The present study estimates the longitudinal effects of prenatal cocaine exposure on indicators of sustained attention processing at 3, 5 and 7 years of age in an urban sample of full-term African-American children (235 cocaine-exposed, 207 noncocaine-exposed). The sample was enrolled prospectively at birth, with documentation of prenatal drug exposure status through maternal interview, urine and meconium toxicology assays. Sustained attention was measured at age 3 years using a standardized measure of task persistence during a challenging task [G.A. Morgan, N.A. Busch-Rossnagel, C.A. Maslin-Cole and R.J. Harmon, Individualized Assessment of Mastery Motivation: Manual for 15-36 Month Old Children, 1992.], and at ages 5 and 7 years using omission error scores from computerized continuous performance tasks (CPT) [L. Greenberg, R. Leark, T. Dupuy, C. Corman, C. Kindschi, M. Cenedela, Test of Variables of Attention (T.O.V.A. and T.O.V.A.-A.), 22, Universal Attention Disorders, Los Alamitos, CA, 1996; C.K. Conners, Conners' Continuous Performance Test (CPT), second ed., Multi-Health Systems, Canada, 1995.]. Findings from longitudinal GLM/GEE analyses of the three measured time points support a stable influence of prenatal cocaine exposure on indicators of sustained attention, after controlling for prenatal exposure to alcohol, marijuana, tobacco and over 20 additional medical and social-demographic covariates drawn from potentially confounding influences assessed at birth and later assessment visits (D = 0.21; 95% CI = 0.04, 0.38; P = .017). This effect was not mediated by fetal growth or gestational age and remained highly stable with increasing levels of covariate control. Separately, using the age 7 data, a structural equations model (SEM) was constructed combining all available self-report and bioassay data to measure magnitude of cocaine exposure in relationship to attention task performance. Results indicated a gradient of influence, with each standard deviation increase in the level of prenatal cocaine exposure relating to a 16% standard deviation increase in omission error scores at age 7. Overall findings support a stable cocaine-specific effect on indicators of sustained attention processing during the early childhood years. Results are discussed within the context of neurobiological and behavioral research linking prenatal cocaine exposure to long-lasting disruption of the brain systems subserving arousal and attention.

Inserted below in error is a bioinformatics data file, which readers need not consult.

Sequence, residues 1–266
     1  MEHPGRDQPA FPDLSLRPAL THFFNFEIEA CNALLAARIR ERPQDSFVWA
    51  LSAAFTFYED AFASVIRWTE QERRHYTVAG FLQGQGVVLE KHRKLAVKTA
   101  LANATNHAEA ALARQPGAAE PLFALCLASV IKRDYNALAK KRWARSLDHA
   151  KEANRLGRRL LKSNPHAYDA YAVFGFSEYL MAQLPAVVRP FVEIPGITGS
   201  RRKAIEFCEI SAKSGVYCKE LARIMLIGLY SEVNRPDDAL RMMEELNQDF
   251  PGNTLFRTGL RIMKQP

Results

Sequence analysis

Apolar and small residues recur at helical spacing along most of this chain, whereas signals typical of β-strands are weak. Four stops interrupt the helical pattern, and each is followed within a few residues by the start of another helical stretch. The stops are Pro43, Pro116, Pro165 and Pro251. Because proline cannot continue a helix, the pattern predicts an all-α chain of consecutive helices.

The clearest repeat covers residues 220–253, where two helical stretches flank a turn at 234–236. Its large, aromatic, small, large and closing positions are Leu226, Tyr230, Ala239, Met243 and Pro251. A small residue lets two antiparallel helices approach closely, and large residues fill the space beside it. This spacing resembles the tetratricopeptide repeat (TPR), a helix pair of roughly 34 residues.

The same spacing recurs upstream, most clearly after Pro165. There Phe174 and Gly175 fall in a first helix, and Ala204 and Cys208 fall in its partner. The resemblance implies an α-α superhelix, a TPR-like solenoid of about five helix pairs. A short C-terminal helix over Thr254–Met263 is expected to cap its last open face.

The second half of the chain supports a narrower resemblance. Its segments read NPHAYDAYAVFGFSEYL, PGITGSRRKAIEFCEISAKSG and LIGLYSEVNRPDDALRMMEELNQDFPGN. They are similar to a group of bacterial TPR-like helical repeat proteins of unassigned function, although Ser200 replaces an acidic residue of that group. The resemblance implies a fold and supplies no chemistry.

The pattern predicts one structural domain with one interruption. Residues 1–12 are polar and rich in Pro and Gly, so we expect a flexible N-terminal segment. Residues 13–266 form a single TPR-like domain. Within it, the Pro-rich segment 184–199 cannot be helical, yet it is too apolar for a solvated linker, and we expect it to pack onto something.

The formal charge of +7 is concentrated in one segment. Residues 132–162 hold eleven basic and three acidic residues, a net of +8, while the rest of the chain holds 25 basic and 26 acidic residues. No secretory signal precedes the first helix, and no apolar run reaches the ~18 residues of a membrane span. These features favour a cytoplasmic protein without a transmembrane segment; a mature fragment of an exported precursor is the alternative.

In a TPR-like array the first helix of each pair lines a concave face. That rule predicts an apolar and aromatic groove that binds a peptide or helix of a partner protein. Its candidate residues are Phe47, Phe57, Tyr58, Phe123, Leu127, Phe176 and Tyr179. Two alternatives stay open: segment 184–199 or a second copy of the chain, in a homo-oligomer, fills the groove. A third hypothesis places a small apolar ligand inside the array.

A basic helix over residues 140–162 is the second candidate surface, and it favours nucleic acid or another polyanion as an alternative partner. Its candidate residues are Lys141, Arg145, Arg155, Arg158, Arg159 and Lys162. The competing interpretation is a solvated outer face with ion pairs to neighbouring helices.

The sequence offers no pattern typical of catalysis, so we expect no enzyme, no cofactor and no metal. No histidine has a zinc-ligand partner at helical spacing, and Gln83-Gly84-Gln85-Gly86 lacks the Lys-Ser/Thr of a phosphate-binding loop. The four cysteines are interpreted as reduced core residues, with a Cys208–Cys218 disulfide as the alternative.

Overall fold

- Computerized Performance Test
- Prenatal cocaine exposure
- Sustained attention
- Task persistence
ASJC Scopus subject areas
- Cellular and Molecular Neuroscience